10 Nov 2007

The West’s Short Memory

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Thomas F. Madden in his New Concise History of the Crusades:

For a thousand years after the death of the Prophet, the Dar al-Islam, the Islamic world, continued to wage jihad successfully against the Dar al-harb, the abode of war. In that time Muslim armies conquered three-quarters of the Christian world, despite the efforts of generations of crusaders to halt or turn back the relentless advance. An impartial observer at the time might well have concluded that Christendom was a doomed remnant of the ancient Roman Empire, destined to be supplanted by the more youthful and energetic religion and culture of Islam. Yet that observer would have been wrong. Within Europe new ideas were brewing that would have dramatic and unprecedented repercussions not just in the Mediterranean, but across the entire world. Born out of a unique blend of faith, reason, individualism, and entrepreneurialism, those ideas produced a rapid increase in scientific experimentation with immediately practical applications. These included such world-changing devices as the printing press, gunpowder weaponry, and ocean-going vessels. By the seventeenth century European wealth and power was growing exponentially. Europeans were entering a new and unprecedented age.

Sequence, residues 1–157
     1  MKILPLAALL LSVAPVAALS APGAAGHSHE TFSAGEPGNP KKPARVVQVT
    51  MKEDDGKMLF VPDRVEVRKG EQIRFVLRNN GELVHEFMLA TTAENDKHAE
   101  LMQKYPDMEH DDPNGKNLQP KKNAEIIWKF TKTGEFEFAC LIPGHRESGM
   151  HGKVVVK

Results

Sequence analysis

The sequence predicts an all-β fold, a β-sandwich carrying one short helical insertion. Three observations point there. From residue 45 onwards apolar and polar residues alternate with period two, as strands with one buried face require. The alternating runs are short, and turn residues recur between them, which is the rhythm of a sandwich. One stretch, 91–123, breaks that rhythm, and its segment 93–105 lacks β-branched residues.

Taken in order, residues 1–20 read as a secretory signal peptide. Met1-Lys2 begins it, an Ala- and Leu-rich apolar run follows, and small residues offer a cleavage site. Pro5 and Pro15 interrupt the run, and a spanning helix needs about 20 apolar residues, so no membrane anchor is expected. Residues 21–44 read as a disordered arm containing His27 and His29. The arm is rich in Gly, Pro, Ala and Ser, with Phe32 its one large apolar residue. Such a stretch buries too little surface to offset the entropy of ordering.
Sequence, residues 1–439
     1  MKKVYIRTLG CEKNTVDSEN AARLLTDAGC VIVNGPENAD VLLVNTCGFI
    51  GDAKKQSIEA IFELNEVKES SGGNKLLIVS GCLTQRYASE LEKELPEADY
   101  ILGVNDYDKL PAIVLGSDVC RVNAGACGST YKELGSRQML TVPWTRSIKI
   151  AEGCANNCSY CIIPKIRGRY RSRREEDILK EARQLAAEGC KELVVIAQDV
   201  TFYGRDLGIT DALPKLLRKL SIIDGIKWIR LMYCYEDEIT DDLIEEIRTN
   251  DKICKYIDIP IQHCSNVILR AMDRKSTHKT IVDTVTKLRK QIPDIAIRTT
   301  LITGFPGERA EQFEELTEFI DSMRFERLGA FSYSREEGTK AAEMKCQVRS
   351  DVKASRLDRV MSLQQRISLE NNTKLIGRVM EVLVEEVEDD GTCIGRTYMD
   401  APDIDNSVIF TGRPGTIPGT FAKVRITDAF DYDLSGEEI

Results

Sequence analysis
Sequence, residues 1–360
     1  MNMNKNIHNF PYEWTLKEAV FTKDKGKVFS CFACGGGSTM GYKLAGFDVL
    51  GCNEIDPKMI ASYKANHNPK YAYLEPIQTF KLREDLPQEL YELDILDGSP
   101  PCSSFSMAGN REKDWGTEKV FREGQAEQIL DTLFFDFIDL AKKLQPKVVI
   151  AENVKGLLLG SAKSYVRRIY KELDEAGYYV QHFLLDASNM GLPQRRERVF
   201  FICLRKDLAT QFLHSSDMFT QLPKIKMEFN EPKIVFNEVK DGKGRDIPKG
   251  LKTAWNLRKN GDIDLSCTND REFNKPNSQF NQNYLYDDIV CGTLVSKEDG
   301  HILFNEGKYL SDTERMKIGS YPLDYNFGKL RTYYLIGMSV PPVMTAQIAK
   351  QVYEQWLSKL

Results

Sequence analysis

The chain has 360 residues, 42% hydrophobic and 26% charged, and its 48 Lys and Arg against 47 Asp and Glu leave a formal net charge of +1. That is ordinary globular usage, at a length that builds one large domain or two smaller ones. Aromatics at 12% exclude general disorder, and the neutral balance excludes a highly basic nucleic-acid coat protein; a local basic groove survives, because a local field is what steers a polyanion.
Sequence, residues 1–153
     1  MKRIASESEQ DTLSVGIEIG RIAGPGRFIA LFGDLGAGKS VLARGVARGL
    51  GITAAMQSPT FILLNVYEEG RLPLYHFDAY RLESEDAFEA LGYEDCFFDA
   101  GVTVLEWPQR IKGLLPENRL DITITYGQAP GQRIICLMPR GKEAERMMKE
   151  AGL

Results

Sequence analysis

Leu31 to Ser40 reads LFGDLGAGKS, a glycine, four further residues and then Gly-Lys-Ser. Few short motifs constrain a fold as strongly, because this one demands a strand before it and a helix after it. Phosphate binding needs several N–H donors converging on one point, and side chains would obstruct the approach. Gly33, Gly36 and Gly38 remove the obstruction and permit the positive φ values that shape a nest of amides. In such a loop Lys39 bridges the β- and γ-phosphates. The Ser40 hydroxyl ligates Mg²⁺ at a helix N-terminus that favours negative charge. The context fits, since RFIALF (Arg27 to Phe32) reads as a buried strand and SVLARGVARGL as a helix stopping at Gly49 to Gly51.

It is one of the most remarkable events in history that the Latin West, an internally divided region seemingly on the brink of conquest by a powerful empire, suddenly burst forth with amazing new energy, neutralizing its enemies and expanding across the globe. Amazingly, the specter of advancing Muslim armies, which for centuries had posed such danger, no longer constituted a serious threat. Indeed, as the gaze of Europeans spanned new global horizons, they soon forgot that such a threat had existed at all. The Muslim world was no longer viewed as a dread enemy, but simply one more backward culture. From that perspective the medieval crusades seemed distant and unnecessary—a discarded artifact from the childhood of a civilization.

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